Our Experiment

We decided to put a hugelkulture bed in our food forest to test all of the purported benefits of the technique. We decided to keep if very simple by building a smallish bed that is about 10’ long, 7’ wide and around 4’ high. It has settled to about 3.5’ high. It was very important to us to test the moisture retention aspect of this bed. Therefore, we decided that we will not add any water. Whatever we get in rain is what the bed gets. In our climate, we get a decent amount of rain (avg 28” annually) but most people irrigate their gardens around here to keep them growing during the dry months. With that we build our hugel mound with mostly rotting birch of varying sizes. We also added some fir and pine into the mix. We planted a few items: cabbage, onions, beans, lavender, and mustard as kind of control plants to see what happens. We put the lavender on top and the other plants near the base. With the rest of it we seed bombed it. We took whatever seeds we had left over, soaked them and tossed them on the pile. Here is a partial list of the seeds we used: calendula, clover, beans, peas, squash, amaranth, lupine, and peppers to name a few.

As of the time of this writing we have not watered the mound in 17 days. In that time, it has rained here a decent amount so the true test will come later in the season. However, I will say that we have had very good germination from seed and the other plants are doing very well. This might not sound earth shattering to many people but what would happen if we planted all those seeds in trays and put them outside with no regular water? Likely a whole lot of attrition. We have also taken some soil temperature readings. Again, nothing mindblowing but we did get about a 5-degree warmer reading from the hugel mound than the soil next to the hugel mound. The numbers will likely improve more and more over the next couple of seasons.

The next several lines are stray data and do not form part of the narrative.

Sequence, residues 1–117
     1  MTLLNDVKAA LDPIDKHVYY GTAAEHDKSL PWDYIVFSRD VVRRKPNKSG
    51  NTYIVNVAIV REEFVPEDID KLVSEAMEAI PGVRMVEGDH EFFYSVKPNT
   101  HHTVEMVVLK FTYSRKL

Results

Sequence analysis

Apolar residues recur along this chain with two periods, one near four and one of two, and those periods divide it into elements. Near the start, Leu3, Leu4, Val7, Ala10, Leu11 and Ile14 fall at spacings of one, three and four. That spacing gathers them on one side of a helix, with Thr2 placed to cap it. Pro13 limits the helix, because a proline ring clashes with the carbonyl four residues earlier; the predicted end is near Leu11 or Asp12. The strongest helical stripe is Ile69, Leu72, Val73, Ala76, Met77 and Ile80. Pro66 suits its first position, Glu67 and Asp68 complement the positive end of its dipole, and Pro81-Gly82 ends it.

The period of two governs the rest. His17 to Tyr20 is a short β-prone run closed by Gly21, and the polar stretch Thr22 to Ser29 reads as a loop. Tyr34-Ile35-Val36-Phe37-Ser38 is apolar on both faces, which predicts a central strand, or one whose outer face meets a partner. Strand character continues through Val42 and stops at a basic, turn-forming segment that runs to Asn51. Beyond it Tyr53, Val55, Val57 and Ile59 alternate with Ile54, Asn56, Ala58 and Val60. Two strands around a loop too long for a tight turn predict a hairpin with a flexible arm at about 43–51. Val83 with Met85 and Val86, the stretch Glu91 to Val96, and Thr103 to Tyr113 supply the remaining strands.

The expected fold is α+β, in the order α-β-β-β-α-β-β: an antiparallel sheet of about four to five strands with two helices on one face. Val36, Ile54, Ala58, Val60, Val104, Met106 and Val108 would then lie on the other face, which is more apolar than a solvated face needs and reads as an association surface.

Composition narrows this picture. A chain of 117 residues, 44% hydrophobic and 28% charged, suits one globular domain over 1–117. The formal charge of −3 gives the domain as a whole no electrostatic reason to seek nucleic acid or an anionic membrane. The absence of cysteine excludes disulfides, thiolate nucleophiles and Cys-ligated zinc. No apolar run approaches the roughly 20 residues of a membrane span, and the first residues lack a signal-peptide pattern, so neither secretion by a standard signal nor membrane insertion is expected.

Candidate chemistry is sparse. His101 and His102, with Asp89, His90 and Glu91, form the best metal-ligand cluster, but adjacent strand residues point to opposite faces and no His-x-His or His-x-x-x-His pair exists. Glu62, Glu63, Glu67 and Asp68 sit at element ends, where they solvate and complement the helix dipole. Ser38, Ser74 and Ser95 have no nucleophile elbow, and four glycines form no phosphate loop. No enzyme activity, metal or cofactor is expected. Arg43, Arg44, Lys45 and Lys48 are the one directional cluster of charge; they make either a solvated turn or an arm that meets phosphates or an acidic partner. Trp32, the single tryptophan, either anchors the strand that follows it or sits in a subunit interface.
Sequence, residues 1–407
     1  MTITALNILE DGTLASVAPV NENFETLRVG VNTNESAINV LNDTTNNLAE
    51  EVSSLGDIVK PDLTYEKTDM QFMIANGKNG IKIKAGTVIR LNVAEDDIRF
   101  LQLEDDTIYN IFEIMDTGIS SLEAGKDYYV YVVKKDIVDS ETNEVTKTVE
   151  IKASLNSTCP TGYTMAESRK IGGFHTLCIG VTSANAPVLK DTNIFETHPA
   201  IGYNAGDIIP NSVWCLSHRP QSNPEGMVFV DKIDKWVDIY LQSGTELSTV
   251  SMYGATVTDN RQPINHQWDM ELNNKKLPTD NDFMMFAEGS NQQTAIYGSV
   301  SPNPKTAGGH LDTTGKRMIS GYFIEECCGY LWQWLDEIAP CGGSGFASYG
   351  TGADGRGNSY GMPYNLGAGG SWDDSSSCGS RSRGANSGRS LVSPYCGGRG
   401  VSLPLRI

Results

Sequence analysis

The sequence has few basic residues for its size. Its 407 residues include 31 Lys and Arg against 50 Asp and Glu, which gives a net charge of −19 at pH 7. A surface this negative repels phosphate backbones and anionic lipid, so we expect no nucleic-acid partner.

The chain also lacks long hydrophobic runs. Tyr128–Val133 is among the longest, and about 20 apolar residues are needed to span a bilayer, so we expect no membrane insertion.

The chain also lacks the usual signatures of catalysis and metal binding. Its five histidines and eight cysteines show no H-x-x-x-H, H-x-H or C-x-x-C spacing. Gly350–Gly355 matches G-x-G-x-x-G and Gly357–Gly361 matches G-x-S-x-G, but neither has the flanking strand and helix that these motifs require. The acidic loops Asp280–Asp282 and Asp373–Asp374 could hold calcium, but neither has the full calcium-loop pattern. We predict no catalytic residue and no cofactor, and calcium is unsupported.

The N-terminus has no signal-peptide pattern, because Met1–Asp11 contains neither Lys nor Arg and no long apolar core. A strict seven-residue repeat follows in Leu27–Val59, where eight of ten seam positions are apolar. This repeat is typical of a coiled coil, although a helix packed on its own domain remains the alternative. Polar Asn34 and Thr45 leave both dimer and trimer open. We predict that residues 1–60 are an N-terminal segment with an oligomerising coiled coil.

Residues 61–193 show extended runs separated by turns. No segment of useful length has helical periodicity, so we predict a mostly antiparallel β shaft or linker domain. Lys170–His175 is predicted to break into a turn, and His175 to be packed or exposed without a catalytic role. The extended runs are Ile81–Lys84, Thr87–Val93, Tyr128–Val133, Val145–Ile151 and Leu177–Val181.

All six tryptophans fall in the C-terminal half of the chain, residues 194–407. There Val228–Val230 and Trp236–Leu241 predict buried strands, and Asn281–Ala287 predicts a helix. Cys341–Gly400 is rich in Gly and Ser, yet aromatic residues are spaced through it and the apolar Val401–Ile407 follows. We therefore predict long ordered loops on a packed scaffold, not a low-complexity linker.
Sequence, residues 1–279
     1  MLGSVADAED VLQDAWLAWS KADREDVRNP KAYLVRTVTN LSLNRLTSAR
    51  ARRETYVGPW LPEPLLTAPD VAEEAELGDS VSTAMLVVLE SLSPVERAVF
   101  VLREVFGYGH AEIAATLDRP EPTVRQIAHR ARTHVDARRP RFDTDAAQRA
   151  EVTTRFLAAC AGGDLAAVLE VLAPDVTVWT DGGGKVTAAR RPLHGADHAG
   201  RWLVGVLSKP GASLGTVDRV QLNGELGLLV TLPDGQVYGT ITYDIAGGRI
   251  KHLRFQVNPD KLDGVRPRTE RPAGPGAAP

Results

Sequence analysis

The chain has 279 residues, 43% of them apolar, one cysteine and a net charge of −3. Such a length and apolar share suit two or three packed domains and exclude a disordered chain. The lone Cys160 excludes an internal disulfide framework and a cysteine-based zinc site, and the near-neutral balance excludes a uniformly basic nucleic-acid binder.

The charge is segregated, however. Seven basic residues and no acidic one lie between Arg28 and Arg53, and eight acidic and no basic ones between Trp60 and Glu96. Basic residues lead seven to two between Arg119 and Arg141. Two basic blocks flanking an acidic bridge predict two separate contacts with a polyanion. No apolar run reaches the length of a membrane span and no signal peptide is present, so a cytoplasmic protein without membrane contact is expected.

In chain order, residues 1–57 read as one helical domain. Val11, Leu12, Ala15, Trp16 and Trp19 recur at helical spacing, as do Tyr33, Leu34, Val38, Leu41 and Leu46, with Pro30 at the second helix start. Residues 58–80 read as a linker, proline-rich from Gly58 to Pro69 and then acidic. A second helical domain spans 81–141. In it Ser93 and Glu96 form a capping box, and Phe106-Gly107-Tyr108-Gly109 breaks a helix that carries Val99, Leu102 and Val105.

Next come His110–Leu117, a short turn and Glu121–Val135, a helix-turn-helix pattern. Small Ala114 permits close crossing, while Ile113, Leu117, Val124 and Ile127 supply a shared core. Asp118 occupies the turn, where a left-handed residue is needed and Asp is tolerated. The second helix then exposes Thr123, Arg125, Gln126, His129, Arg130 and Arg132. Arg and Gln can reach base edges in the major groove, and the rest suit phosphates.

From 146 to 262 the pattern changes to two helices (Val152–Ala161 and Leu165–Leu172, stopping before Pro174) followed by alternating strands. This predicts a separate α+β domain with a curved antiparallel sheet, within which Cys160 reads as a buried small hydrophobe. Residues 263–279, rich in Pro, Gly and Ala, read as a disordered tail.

So far we are enjoying the experiment and it will be fun to see what produces, what bolts and what dies! Time will tell and we will be documenting along the way. Check out our online community for great content! Sean and Monica are available for consulting work regarding property analysis & design, and speaking engagements.

Sean and Monica Mitzel are the proprieters of Huckleberry Mountain Homestead & Breakfast a Bed & Breakfast with a homestead twist. They homestead with their family on 40 acres and are using permaculture techniques and methods for the property. The homestead is a demonstration and education site where they teach workshops and raise dairy goats, sheep, pigs, rabbits, chickens, and ducks. The Mitzels have planted food forests, guilds and enjoy wildcrafting and propagating plants. Sean and Monica can often be found speaking and teaching at different events. To learn more about the Mitzels, visit The Prepared Homestead. Read all of their MOTHER EARTH NEWS posts here.